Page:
Not Your Mother’s Manners

It is not unusual to hear manners dismissed as artificial or outdated vestiges of a formal and stuffy past. Some argue that manners constrain self-expression and are no longer relevant in a world that celebrates the uniqueness of an uninhibited individual. Others say that manners are superficial and that respect for another person has to be earned. I couldn’t disagree more.

As Ralph Waldo Emerson stated so elegantly:

Good manners are made up of petty sacrifices. If they are superficial, so are the dewdrops which give such a depth to the morning meadow.

Manners are about respect—respect for others, respect for the environment and respect for oneself. They are about choices and a reflection of values. In my mind, this is why manners are so modern. They are essential navigation tools that enable people to exist together with civility and dignity. They govern how we relate to one another and now, perhaps more than ever, this matters. Contrary to what many believe, having good manners doesn’t require a certain upbringing or education. Modern manners are available to everyone. 

Respect for others

Say thank you, give a compliment, send a condolence note, wait patiently for one’s turn, speak without profanity, be on time, send a thank you letter, acknowledge the people around you, open a door for someone, hold the elevator, help an elderly woman cross the street, offer to do an errand for a neighbor, pull out a chair for someone, allow an overwhelmed mother and her three kids to take the taxi you hailed in the rain, stand when another person enters a room, remove your hat, resist the impulse to put someone else down, respect different religions, politics and traditions, and smile… These are little things, the “petty sacrifices,” but they are always well worth it. They shape our lives and how we interact with one another.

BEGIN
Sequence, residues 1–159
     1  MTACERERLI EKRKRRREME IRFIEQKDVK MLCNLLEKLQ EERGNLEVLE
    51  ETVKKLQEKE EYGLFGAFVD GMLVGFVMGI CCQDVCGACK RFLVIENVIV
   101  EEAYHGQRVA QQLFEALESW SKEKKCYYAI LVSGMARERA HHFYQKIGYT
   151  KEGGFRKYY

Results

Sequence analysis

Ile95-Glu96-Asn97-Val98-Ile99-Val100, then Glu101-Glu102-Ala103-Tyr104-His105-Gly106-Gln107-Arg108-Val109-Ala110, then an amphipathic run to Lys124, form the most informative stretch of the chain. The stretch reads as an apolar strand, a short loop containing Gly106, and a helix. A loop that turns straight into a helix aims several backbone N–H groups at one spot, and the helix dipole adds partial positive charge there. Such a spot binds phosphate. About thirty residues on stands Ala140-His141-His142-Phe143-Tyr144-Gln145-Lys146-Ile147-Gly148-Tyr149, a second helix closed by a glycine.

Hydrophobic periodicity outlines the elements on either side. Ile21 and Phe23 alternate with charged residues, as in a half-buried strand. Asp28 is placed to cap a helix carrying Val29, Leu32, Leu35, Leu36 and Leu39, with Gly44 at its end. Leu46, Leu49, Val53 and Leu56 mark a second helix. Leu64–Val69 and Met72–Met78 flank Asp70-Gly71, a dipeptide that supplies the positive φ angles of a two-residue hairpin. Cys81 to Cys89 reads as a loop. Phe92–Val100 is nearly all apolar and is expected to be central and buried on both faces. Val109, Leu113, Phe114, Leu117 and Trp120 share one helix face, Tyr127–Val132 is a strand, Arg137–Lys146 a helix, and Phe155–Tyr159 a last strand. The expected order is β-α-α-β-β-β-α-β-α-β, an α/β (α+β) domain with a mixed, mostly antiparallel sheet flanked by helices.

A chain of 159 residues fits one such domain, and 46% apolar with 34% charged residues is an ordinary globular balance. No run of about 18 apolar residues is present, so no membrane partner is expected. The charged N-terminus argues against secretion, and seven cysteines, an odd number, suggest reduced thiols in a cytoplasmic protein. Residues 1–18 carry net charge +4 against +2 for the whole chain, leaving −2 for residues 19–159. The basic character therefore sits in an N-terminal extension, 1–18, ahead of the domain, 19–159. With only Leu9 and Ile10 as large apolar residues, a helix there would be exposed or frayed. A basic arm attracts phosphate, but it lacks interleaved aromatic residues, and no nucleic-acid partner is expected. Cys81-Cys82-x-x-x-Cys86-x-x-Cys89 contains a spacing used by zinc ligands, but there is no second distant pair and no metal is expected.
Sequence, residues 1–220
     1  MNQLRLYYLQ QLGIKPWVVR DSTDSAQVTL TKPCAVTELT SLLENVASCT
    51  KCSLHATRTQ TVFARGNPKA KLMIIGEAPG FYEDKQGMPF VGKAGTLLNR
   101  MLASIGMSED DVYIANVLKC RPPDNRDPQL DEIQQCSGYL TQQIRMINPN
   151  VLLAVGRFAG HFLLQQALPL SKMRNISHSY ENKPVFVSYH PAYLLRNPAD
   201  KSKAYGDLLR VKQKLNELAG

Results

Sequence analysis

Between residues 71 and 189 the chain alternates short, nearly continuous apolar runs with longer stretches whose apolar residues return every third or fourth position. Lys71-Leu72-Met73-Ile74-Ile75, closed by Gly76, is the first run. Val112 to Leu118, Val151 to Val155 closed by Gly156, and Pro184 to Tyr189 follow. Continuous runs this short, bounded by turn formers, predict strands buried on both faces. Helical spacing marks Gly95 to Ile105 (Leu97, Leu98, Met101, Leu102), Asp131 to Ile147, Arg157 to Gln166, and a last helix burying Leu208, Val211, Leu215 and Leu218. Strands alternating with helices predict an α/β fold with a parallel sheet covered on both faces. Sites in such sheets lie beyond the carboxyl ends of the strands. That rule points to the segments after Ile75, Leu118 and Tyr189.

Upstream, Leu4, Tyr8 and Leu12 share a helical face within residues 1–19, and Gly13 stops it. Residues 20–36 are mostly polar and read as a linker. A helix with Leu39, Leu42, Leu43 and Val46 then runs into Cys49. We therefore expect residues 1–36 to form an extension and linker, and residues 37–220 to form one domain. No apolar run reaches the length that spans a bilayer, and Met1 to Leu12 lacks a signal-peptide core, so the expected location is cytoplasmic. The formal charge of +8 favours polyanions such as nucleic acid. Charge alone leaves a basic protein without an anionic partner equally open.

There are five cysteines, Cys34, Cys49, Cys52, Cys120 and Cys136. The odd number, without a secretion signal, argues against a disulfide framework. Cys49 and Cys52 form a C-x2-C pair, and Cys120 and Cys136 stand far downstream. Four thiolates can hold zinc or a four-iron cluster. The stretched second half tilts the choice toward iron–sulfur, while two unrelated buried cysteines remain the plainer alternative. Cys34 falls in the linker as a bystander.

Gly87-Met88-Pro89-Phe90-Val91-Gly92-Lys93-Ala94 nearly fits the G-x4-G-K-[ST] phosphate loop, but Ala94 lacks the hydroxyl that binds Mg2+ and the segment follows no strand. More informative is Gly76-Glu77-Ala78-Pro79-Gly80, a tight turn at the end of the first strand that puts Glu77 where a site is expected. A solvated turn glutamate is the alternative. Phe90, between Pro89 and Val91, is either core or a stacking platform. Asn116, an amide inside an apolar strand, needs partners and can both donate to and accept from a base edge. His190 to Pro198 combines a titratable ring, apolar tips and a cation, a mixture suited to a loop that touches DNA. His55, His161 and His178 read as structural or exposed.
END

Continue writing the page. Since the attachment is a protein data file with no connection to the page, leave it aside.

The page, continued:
Respect for the environment

Taking care of one’s environment is central to good manners. This applies as much to a student’s college dorm room as it does to a company’s and a country’s carbon footprint. Being mindful of our surroundings and appreciating the beauty around us, cleaning up our messes and someone else’s are ways to show our respect for the world we live in. Look up from your device and notice your surroundings. Respect your environment, not because it is the politically correct thing to do, but because it is the right thing to do.

Respect for self

Learning how to take care of oneself is essential for wellbeing and self-respect is at the core of this. Respecting one’s body through exercise, a healthy diet and sleep, respecting one’s mind through self-discipline and hard work, respecting creativity by developing one’s artistic abilities, appreciating talent in others, cultivating long-lasting relationships and friendships, and living a life that reflects one’s values, are gifts to oneself and others.

At the heart of respect for others, for the environment and for oneself, is kindness. Kindness always counts and manners keep kindness at the forefront of all interactions.

“Good manners open the closed doors; bad manners close the open doors.” – Mehmet Murat Ildan

I wish you all the best,

Dr. Samantha Boardman